Short version: Stack Overflow allowed me to find answers I couldn't easily get elsewhere. Then I started being active myself because I liked how the site was organized and that I could help others while improving my own skills as well.
When I first got into programming in High School, around 2005, there was little well organized content online. We had computer science olympiads with difficult algorithmic problems that I enjoyed solving, but my teachers didn't care about such contests much, nor were they prepared to adequately prepare students for them, so I had little support from my teachers in terms of training.
We had a local online judge, like SPOJ, with a forum, and I was also active on an IRC channel where I could get help from some friends. I would also post questions on a C++ forum (you'd have to solve the contest problems in C, C++ or Pascal). However, on the online judge forum, people wouldn't always reply if you were stuck, at least not with enough helpful details. On the C++ forum, the answerers were mostly good programmers, but with little experience regarding competition problems. Same with my IRC friends.
I discovered Stack Overflow around 2010, when I was a CS college student. I was still active on some online judges since I liked solving such problems, and I wanted to go into research after graduating. I was googling for some algorithms, and I saw a link to SO. I found what I was looking for, and I liked the reputation system because it rewarded not only quality work but also quantity and long-term participation. I felt like I could trust high-rep users because they have proven themselves over time, and I wanted to be one.
I decided to make an account. My first question was quite well received, and I got an answer very quickly, although I didn't really expect to draw the attention of people familiar with such problems so easily. I was very happy, so I added some tags and started following them. Soon, I found questions that I could answer, so I did. I liked helping people, and seeing my reputation grow made me feel like I was appreciated and accepted by the community. It was a very good feeling.
I was very active throughout college, earning most of my current reputation around that period. It also helped me learn a lot more than my college classes would provide. I'd see questions I didn't know the answer to immediately, research or think about them for a while, then post an answer. I wouldn't have done that without SO.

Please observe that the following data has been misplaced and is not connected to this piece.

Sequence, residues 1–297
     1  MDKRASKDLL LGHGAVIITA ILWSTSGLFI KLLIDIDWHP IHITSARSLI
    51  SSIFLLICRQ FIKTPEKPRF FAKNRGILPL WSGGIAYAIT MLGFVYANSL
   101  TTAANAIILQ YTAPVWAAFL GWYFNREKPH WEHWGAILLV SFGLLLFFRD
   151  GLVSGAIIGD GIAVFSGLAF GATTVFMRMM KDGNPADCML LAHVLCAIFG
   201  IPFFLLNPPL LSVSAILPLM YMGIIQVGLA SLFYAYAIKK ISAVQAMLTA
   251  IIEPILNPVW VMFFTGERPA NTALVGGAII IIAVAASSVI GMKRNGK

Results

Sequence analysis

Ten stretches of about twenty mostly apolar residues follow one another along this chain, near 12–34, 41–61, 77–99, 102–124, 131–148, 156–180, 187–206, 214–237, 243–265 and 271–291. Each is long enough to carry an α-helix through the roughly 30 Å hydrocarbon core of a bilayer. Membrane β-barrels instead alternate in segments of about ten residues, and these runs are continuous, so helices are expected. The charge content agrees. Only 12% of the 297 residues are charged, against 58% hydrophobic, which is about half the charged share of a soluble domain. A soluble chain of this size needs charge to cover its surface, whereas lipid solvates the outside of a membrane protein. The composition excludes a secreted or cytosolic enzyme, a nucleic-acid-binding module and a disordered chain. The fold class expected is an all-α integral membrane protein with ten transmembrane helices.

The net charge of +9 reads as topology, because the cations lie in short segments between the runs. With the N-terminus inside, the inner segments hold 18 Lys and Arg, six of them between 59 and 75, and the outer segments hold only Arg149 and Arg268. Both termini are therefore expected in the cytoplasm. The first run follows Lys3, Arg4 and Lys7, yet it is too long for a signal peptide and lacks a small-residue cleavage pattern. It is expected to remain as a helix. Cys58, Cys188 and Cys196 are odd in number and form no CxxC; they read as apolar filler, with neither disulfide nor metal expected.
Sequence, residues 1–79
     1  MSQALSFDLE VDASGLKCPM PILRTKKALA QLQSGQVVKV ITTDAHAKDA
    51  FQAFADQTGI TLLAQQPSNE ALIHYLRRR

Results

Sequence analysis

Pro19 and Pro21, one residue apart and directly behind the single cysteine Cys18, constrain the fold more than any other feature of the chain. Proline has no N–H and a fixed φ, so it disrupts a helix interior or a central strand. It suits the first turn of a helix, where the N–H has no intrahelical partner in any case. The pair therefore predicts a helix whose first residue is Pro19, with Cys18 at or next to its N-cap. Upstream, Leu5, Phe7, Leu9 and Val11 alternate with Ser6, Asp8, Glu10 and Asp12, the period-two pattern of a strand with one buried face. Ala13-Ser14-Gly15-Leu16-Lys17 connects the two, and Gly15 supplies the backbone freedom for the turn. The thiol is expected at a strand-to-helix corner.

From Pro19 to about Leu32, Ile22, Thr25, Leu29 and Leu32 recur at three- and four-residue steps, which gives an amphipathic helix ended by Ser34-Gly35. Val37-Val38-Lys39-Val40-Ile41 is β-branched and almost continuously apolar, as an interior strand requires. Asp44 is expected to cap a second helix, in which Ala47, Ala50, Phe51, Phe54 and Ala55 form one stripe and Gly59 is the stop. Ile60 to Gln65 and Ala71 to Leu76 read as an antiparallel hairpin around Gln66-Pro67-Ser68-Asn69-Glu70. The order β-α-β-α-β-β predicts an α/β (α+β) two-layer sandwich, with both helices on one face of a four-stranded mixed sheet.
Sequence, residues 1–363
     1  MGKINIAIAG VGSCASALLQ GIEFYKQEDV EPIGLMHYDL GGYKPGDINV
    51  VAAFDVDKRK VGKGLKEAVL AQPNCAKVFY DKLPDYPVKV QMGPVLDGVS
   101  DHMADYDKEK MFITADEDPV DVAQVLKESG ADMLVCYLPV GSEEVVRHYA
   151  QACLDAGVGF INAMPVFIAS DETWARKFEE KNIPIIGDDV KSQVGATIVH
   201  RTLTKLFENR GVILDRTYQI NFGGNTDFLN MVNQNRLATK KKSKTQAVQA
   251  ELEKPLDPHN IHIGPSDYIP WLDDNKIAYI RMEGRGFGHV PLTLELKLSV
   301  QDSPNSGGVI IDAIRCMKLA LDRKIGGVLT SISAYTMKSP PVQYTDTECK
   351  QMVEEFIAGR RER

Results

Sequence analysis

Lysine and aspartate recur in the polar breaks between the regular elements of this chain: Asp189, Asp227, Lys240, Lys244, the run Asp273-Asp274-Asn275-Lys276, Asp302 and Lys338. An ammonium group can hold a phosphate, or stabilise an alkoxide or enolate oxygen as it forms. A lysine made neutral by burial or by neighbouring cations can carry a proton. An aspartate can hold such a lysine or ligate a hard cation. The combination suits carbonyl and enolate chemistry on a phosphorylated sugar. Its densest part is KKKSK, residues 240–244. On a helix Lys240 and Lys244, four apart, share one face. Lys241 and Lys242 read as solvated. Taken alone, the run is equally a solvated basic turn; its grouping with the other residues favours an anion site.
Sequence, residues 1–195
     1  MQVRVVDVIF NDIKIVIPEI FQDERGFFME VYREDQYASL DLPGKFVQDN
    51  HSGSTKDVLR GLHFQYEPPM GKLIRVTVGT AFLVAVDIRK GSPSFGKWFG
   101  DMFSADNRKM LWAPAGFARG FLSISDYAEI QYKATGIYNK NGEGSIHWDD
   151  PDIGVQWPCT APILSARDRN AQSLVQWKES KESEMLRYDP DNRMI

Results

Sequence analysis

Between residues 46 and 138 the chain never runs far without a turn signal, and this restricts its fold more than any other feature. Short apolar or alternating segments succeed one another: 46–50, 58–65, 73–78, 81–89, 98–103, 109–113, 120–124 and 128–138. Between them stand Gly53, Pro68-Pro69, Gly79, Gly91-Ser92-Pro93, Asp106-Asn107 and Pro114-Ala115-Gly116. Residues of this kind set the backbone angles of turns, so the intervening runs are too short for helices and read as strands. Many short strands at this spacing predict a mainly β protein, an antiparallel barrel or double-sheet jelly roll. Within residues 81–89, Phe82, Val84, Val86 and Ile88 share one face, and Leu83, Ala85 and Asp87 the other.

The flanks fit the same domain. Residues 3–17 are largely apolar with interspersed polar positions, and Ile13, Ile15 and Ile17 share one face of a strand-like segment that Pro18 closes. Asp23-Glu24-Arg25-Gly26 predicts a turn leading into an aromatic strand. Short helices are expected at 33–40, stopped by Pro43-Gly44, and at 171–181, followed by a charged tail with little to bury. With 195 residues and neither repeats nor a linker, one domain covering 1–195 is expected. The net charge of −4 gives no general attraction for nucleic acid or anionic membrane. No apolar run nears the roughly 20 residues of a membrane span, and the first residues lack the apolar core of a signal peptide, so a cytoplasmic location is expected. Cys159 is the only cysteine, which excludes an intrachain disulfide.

I'd also see questions asking about more details regarding some subject I was told about in a class. Again, I wouldn't immediately know the answer, but after some digging around and pondering, I'd figure it out, post it, and it would usually be at least upvoted. Stack Overflow gave me a lot of material to self-study.
Not only that, but many times someone else would post a great answer, which I enjoyed reading and learning from. So it wasn't only self-study, it also felt like going to class and learning something very cool when opening an interesting question and seeing a great, detailed answer.
I also learned to take criticism better and admit when I'm wrong. Also not to post something until I am at least relatively sure of its correctness; kind of like think before you open your mouth (I have a few self-deleted answers, I feel like I still need to work on that a little).
In the previous 2-3 years, I've been less active, but I still posted some questions and answers. I rarely went more than a few days without accessing the site I believe, even if I only checked out a few questions. The site can very well be used to find out what's new about certain technologies from hands-on perspectives once you have a little experience with the site and those technologies.
This year, I've decided to be more active again. I'm learning a lot from the entire network, I am more active on the moderation side and I am also active and learning in tags related to my PhD. I've been a member for a little over 5 years, and barring some major changes, I don't plan to leave.